It all began when playwright David Anthony Wright’s wife gave him a book while they vacationed in Surf City several years back. It was a biography of the legendary Fort Fisher hermit Robert Harrill’s life. Wright—whose career spans six plays and who was awarded the Scriptworks competition of the Southern Appalachian Repertory Theatre in 2007 for his play, “Ruthie”—immediately saw the potential for Harrill’s story.
In 1956 Harrill crafted a letter to then NC Governor Luther Hodges, which proposed aquariums should be built along the Carolina coast, starting with Fort Fisher. He even fought and won a case against the U.S. Army over the right to keep his land. The shrewd hermit proved his property wasn’t on the map when the title the government cited in their case was made.
“The thing that most drew me to Robert was his unwillingness to give up,” Wright says. “He faced such adversity in his life, some self-inflicted to be sure, but he never gave up.”
Despite the reclusive nature of a hermit, Harrill always was accommodating to passersby hoping to get a picture with the legend; even during winter, he would put on his iconic straw hat and shorts to pose with them. His lively spirit seemed tailor-made for the stage; however, writing the complicated nature of his character was a difficult task for Wright to undertake. His process mounted the duty of examining the troubled man’s interiority.
“To tell the story accurately, it was necessary to show the good and the not-so good [of Harrill],” Wright says. “He was at times abusive to his wife, Katie, but she remained the love of his life. He deeply loved his sons but had great difficulty showing that love. His eventual reconciliation with Edward was genuine and moving. “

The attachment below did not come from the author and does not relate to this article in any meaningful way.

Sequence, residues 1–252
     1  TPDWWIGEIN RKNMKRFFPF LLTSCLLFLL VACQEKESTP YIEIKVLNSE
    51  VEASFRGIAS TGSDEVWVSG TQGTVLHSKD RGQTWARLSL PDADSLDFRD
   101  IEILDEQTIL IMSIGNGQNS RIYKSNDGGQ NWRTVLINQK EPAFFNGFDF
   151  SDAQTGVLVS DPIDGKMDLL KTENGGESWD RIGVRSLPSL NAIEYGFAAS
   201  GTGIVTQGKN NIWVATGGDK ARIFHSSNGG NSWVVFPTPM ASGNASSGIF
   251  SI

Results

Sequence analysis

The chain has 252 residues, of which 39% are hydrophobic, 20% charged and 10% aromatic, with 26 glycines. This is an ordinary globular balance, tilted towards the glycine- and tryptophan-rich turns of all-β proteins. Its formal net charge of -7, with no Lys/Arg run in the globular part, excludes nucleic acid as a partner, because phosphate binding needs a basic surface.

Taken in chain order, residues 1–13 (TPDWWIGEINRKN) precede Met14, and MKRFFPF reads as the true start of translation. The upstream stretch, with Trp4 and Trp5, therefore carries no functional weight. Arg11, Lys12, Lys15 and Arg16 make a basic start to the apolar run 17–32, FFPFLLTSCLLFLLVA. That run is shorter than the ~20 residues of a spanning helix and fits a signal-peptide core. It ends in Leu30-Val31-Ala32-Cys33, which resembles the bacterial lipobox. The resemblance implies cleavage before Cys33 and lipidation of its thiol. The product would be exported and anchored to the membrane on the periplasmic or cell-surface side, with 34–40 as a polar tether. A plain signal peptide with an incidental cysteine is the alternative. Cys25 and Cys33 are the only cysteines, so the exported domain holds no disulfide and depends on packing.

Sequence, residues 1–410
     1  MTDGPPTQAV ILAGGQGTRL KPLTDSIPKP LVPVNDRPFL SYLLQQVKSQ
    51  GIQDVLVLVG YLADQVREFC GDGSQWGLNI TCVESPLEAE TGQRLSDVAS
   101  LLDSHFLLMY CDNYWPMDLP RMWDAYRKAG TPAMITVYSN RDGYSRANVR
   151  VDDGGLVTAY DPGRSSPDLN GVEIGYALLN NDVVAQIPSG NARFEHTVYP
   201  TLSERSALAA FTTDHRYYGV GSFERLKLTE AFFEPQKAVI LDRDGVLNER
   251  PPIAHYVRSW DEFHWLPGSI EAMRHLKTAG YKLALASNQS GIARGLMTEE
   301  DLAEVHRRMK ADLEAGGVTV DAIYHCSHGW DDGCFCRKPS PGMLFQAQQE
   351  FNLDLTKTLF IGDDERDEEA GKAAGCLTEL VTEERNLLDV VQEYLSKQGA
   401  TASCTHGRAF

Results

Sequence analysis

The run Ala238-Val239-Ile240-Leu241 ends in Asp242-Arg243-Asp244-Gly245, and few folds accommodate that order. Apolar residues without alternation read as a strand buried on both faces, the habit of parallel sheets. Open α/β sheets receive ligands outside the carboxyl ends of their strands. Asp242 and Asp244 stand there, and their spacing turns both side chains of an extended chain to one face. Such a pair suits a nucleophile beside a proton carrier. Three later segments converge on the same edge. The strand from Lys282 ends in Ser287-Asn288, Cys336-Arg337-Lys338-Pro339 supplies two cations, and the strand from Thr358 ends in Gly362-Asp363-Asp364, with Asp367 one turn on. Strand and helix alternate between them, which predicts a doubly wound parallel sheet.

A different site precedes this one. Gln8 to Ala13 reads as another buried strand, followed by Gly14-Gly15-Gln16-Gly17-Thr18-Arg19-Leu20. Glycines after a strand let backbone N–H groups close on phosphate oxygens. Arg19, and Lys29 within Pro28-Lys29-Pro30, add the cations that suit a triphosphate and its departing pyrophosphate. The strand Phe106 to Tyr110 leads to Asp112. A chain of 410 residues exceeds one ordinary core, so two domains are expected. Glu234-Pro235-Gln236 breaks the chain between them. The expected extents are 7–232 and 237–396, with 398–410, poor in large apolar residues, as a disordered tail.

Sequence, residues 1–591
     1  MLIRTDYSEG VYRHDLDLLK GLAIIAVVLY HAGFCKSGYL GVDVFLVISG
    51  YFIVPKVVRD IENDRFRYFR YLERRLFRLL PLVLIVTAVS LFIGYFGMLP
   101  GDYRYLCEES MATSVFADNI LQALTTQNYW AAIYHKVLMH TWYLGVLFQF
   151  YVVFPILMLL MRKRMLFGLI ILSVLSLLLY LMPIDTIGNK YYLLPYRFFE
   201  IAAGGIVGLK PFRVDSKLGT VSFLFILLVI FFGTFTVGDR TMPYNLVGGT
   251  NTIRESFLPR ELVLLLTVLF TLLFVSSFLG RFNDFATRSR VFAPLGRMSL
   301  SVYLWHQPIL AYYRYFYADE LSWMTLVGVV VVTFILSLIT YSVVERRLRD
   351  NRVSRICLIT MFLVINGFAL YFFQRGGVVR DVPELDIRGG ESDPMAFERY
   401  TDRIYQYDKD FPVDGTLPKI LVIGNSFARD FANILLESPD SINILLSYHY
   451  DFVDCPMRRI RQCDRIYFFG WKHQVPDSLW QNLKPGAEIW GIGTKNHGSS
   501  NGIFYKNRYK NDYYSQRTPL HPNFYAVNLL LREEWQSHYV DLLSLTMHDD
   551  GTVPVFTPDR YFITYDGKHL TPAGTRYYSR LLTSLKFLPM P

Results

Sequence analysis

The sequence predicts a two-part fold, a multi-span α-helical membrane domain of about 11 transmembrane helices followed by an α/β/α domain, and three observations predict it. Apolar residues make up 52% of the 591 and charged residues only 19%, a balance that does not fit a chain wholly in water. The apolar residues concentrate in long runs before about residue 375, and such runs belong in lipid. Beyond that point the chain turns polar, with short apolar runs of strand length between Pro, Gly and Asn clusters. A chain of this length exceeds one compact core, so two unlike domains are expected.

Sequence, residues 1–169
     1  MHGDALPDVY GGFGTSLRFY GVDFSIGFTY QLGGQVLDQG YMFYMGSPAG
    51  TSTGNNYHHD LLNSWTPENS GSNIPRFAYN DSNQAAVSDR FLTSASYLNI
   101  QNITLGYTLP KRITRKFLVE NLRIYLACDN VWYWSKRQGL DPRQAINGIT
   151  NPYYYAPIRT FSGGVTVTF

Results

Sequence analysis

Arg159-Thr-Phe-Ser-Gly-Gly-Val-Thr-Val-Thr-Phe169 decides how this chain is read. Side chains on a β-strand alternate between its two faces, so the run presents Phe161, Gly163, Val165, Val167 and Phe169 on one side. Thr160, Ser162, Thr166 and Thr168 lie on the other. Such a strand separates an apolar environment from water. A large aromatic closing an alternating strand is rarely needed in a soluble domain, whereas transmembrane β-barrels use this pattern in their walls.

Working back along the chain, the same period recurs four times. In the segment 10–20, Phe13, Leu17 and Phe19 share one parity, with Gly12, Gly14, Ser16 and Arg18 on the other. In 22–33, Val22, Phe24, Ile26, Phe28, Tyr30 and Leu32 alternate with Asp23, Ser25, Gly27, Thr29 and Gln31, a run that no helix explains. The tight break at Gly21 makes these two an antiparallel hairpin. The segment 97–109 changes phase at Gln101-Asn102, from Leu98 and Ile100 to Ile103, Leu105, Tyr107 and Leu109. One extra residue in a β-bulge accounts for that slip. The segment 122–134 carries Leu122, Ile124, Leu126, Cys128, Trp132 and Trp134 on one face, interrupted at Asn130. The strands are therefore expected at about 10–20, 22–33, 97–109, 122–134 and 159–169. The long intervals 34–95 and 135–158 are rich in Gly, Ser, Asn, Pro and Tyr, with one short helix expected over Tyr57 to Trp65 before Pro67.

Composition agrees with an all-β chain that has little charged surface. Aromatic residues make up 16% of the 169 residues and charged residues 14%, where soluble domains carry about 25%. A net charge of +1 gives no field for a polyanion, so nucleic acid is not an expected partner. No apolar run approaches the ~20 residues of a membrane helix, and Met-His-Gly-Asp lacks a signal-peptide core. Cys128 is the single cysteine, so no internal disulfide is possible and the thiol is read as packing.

In 2012 Wright debuted his show in his hometown, Burlington, NC, and had a reprisal for it in 2013. Both runs virtually sold out. “People felt drawn to Robert’s story,” Wright says. “A surprising number of Burlington and Alamance County residents knew of him, and many spent time at the bunker with him during their vacations. The outpouring of emotion was truly touching.”
After two successful runs, Wright deemed Wilmington the perfect location given its proximity to Harrill’s stomping grounds. The production will be under the direction of Big Dawg Production’s Steve Vernon, with Eben French Mastin portraying the hermit. Audrey McCrummen will serve as technical director, and Shawn Sproatt will costume the nearly 20 characters to fit the decades in which the production spans.
“I have allowed Steve some leeway, given some of the casting considerations he had,” Wright details. “But I think the show will pretty much be in tact. I really am looking forward to seeing the show in the intimate setting of the Cape Fear Playhouse. It did fine in our 400-seat facility in Burlington (The Paramount); but being so close to the onstage action will be a unique experience.”
Vernon was invited by Wright to see the show’s second run and by intermission knew it would work perfectly for Big Dawg Productions. “[Harrill] just seems to have been the type of person who attracted people,” Vernon details, “an odd trait for someone labeled a hermit (a designation Harrill was, by all accounts, surprised to hear applied to him).”